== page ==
CBA is a rare tumor that represented only about 5% of the 11,969 consecutive NSCLC in an American epidemiological series [6]. The increase in its incidence suggested in recent years remains debated. However, nearly 30 to 50% of peripheral pulmonary adenocarcinoma contains a non-mucinous type CBA component and the proportion of CBA is much higher in the Asian epidemiological series [2]. CBA is associated with certain epidemiological characteristics that distinguish them from other subtypes of adenocarcinome, but which remain controversial [2] such as an earlier age of onset and a greater female preponderance. The higher proportion of non-smokers (30 to 50%) or light smokers among patients with CBA has however been confirmed by certain case-control studies [2], which perfectly matches the case of our new observation. These epidemiological characteristics are also clearer for the populations of the countries of Southeast Asia.

Pneumonic, multiple and diffuse nodular forms are most often symptomatic [2]. Symptoms are non-specific. It is nevertheless necessary to point out the evocative character, although rather rare of bronchorrhea [2]. It is a mucous expectoration which can be very abundant (up to 500 ml/day), as with our patient and sometimes responsible for progressive respiratory failure. The physical examination may find crackle groans on auscultation and rarely digital hippocratism (‹‹ 10%). Unexpectedly, the general condition of these patients is frequently preserved [7]. Radiographic patterns vary and can include localized disease with peripheral solitary or multiple nodules or masses in 60% of cases or a persistent pneumonic pattern in 40% of cases. The radiographic findings of consolidation with air bronchograms are often initially thought to be consistent with acute pneumonia, but the typical clinical presentation is that of a nonresolving peripheral density on chest radiograph.

In addition, CT may show areas of ground-glass attenuation. Positron emission tomography may be normal because of the low glucose uptake of these tumors. The diagnosis of invasive mucinous adenocarcinoma and lepidic predominant nonmucinous adenocarcinoma is most often made by bronchoscopy with transbronchial biopsy. For staging and treatment, these types of adenocarcinoma are approached like other types of non-small cell lung cancers [7]. Testing for epidermal growth factor receptor (EGFR) mutations should be performed and chemotherapy planned accordingly. In general, the invasive mucinous adenocarcinomas are KRAS positive and EGFR negative. The lepidic predominant nonmucinous type tends to be EGFR positive. Bilateral lung transplantation has been performed, but recurrence in the transplanted lungs has been reported. Tumor progression is essentially intrapulmonary, then bilateral [2, 8].

The low frequency of pleural and mediastinal lymph node extension, the predominance of metastatic bone rather than cerebral localizations and the rarity of hepatic and adrenal metastases [2] should also be emphasized. In the epidemiological series of Zell et al. of 11,969 consecutive NSCLCs the presence of a CBA component was an independent criterion for better survival (HR = 1.71) [6]. In addition, the median survival for all stages of CBA and ADC-CBA was greater than 53 months compared to 10 months for the other NSCLCs. Finally, it remained significantly higher for the different TNM stages (I-IIIA: 98 vs 47 months; IIIB: 47 vs 16 months and IV: 10 vs 5 months, p ‹‹ 0.0001). Regardless of the TNM stage, certain characteristics of CBA and ADC-CBA that are easy to collect for some of them at the time of diagnosis constitute prognostic factors for survival. The female sex and the absence of smoking seem to have a favorable prognostic role [2, 6].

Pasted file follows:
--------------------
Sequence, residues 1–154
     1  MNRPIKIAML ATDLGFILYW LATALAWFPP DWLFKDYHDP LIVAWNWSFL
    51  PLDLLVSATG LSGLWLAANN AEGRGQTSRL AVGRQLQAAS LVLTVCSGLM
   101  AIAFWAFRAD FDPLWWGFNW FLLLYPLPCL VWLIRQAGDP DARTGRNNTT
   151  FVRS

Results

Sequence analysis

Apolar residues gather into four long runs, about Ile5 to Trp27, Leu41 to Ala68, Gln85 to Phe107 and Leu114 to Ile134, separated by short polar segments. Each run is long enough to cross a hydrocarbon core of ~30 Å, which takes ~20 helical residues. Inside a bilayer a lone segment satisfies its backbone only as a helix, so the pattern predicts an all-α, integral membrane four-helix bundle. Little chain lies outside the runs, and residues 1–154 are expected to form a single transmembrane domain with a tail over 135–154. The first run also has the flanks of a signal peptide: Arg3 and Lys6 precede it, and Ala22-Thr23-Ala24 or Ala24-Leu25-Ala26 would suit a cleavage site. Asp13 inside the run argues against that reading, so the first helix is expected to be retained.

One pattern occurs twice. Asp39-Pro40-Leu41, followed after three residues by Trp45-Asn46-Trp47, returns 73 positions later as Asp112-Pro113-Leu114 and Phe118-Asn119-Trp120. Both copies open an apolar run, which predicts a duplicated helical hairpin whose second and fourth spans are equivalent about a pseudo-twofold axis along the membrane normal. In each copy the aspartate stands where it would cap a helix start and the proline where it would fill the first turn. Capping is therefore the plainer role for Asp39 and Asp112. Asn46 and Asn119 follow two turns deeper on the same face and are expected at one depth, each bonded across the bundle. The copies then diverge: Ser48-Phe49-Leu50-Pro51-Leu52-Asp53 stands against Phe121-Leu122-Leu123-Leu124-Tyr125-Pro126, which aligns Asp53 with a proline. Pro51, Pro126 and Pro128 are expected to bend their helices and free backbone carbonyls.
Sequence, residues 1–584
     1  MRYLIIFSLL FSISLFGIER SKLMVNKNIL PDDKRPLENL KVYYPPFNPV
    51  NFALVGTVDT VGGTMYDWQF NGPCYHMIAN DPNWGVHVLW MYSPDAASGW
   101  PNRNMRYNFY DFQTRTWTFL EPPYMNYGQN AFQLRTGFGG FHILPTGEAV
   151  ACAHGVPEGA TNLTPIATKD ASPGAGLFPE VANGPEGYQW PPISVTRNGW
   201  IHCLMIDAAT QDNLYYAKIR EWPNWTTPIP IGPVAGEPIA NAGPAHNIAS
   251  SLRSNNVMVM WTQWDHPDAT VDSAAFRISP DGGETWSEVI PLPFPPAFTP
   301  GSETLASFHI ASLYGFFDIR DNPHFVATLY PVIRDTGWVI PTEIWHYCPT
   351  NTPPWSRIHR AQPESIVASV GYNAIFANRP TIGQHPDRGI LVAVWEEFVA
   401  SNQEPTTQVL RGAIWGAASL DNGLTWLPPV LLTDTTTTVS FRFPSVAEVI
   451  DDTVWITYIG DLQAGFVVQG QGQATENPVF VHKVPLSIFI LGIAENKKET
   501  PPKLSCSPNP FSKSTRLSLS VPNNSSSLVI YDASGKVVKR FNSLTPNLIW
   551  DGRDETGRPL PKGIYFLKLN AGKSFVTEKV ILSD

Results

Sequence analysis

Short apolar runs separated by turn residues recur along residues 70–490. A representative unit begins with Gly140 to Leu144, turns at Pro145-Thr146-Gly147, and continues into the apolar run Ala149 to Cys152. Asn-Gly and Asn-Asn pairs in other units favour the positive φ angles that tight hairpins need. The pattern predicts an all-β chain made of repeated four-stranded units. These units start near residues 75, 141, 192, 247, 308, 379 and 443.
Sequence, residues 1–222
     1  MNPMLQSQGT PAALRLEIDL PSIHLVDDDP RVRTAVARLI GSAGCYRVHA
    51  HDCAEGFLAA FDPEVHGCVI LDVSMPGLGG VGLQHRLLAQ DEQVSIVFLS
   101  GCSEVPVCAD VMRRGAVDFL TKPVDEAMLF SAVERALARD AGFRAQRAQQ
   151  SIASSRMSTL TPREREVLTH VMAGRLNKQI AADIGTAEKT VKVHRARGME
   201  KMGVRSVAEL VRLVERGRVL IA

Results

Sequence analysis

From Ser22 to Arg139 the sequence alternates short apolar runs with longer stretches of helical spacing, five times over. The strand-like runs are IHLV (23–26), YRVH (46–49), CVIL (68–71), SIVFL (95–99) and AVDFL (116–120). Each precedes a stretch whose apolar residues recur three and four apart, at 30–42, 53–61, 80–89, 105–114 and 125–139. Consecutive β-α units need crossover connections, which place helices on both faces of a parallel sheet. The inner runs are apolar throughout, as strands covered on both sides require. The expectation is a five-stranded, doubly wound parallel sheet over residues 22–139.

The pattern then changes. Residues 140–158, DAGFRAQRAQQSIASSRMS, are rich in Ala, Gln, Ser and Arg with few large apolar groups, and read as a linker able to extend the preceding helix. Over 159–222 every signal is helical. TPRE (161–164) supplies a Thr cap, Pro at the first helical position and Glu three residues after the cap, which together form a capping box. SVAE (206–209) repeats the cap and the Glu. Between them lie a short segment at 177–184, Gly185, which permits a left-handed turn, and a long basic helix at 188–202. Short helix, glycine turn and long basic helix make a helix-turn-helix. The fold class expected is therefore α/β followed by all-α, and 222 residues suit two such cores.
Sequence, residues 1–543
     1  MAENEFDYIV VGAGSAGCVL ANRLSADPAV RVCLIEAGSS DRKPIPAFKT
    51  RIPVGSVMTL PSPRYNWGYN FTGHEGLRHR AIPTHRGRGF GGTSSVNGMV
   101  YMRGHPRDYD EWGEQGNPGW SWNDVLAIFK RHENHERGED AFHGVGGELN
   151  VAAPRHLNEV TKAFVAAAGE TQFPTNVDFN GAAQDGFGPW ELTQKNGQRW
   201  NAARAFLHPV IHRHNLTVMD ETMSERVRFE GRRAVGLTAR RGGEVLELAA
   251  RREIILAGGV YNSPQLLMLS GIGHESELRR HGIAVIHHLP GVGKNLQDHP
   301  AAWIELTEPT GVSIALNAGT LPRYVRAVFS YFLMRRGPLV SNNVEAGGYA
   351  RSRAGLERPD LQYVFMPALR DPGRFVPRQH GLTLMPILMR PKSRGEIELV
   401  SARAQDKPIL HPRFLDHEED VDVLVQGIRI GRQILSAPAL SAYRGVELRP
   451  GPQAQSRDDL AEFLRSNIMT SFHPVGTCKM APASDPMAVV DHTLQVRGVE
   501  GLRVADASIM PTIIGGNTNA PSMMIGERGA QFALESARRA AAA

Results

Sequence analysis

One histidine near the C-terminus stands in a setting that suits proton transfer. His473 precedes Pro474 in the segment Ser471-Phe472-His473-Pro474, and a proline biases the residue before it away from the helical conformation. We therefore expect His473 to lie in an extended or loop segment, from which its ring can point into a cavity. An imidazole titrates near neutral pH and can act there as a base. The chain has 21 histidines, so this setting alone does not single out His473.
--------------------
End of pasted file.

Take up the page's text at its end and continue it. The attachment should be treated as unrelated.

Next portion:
Tumors with multiple nodule-like presentation have a better prognosis than those with single or multifocal pneumonic presentation, and diffuse (Tx) [2, 8]. The presence of bronchorrhea or crackles in pulmonary auscultation would have an unfavorable prognosis [2, 9]. Within stages IIIB, it would be necessary to distinguish tumors classified T4 by multiple attack within the same lobe which have a better prognosis than tumors with pleural or N3 lymph node involvement [6]. Similarly, tumors classified M1 by pulmonary involvement affecting more than one lobe have a better prognosis than patients classified M1 due to an extrathoracic metastasis [6], moreover, patients with multiple lobe involvement within the same lung (unilateral involvement) have a better prognosis than patients with both lung involvement (bilateral involvement) [6].

 

 

Conclusion Up    Down

Bronchioloalveolar carcinoma (BAC) is a rare subtype of lung adenocarcinoma, the feature of our observation, compared to the literature, is the Similarity of the age of onset, of the female sex and of the typical clinical, radiological and histological characteristics. Through our work we insist on thinking of lepidic mucinous carcinoma in the face of any persistent alveolar opacity.

 

 

Competing interests Up    Down

The authors declare no competing interests.

 

 

Authors' contributions Up    Down

All the authors have read and agreed to the final manuscript.

 

 

Figures Up    Down

Figure 1: sample of our patient´s abundant bronchorrhea

Figure 2: the posteroanterior chest roentgenogram showing a heterogeneous opacity occupying the lower half of the left thoracic hemichamps associated with heterogeneous nodular opacities confluent on the right

Figure 3: the thoracic computed tomography (CT) showing an alveolar condensation of the left lower lobe containing an air bronchogram, associated with multiple nodular lesions and alveolar condensation of the right lung

Figure 4: anatomopathological aspect of invasive mucinous adenocarcinoma lepidic in our patient

 

 

References Up    Down

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Case report

Typical presentation of pulmonary lepidic adenocarcinoma: a rare case report

Case report

Typical presentation of pulmonary lepidic adenocarcinoma: a rare case report

Case report

Typical presentation of pulmonary lepidic adenocarcinoma: a rare case report